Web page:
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When practicing a piece for a solo instrument there always is this stage when all elements (notes, dynamics, musicality,...) are there but it's still difficult to perform it completely without any mistake. At this stage I find it difficult to keep things interesting during practice and not being frustrated I'm not there yet, altough I have the feeling of almost being there. A lot of times I give up on the piece and move on to the next. I'd like to avoid that.

How do you keep things interesting during those last stages?

  • What instrument? Solo or for ensemble playing? Makes a difference! – Tim Oct 22 '16 at 17:18
  • In my case solo piano. I thought it would-be be interesting to keep it general. But yes solo or ensemble makes a difference. – Tim H Oct 22 '16 at 17:24
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Practice at a really large speed range. Make all renditions compelling. If you feel that it's not really feasible at some speed, particularly low speed, "all the musicality" is not there. Admittedly, this scales worse with piano as a percussive instrument than with continuous-tone instruments (bowed strings, wind instruments and so on). If you work with an electronic keyboard, select some continuous patches like organ, harmonium, accordion or similar and practice a bit with that. They are lousy for practising just the right strength of attack but make sloppy release timing a lot more conspicuous than a piano. Don't overdo it in order not to mess with the main thrust of your technique but it can give some important pointers for subtle elements of expressivity that are low-hanging fruit. They can also give some incentive for improving your fingerings where you excessively rely on "finger-hopping" (an execution limiting the deliberation you can exercise with your phrasing).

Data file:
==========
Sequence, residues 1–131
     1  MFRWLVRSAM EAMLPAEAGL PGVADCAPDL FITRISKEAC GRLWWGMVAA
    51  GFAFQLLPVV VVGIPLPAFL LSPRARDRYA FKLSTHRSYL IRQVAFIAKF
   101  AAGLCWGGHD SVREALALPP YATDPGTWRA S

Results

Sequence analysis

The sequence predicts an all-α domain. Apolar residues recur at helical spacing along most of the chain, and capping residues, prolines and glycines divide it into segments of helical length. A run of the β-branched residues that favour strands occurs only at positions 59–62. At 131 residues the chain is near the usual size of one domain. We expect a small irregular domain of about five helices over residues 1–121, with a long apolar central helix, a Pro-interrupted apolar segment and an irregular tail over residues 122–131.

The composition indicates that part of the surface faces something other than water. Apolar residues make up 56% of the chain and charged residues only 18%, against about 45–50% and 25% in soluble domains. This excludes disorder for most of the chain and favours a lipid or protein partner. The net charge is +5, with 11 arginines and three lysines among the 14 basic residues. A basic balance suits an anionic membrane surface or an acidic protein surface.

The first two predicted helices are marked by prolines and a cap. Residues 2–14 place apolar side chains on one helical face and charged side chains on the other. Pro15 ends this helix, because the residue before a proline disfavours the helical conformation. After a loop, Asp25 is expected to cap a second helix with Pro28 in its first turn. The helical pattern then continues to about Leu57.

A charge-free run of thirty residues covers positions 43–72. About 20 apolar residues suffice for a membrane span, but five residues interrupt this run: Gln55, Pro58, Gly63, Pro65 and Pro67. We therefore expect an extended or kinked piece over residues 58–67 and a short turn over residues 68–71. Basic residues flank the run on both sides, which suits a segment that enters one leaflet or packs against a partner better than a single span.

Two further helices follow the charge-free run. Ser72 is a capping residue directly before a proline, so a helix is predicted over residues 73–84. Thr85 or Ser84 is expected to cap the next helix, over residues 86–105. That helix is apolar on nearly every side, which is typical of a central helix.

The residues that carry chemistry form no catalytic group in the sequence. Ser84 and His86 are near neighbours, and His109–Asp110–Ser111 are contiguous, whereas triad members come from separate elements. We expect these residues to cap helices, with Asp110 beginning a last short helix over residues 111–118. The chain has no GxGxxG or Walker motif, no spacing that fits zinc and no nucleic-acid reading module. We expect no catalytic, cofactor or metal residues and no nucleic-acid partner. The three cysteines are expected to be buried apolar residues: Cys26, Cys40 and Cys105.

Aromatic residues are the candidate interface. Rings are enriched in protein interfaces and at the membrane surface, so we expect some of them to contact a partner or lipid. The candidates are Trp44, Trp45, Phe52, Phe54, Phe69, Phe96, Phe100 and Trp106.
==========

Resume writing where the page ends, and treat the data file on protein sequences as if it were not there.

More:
Record yourself. That's as important a tool for the musician as making a source code printout is for a programmer: most of the time you don't even need to examine the result to figure out where the problem is. The mere presence of a mechanical observer is making all the difference.

And of course, listen to yourself. Swing your rendition (make first part of a beat longer than the second part). Reverse swing it. Play it with various articulations from staccato to legato. Your ultimate rendition is anchored flexibly in the middle of a large range of interpretations, with you controlling where to go every moment.

If you are bored, you are not feeling that large range and keeping to a wonderful path amidst it but are having tunnel vision on your rendition.

Try listening out particular voices and lines and their development and articulation. Are they self-consistent? Are they cohesive on their own rather than some note glued onto others and dragged along?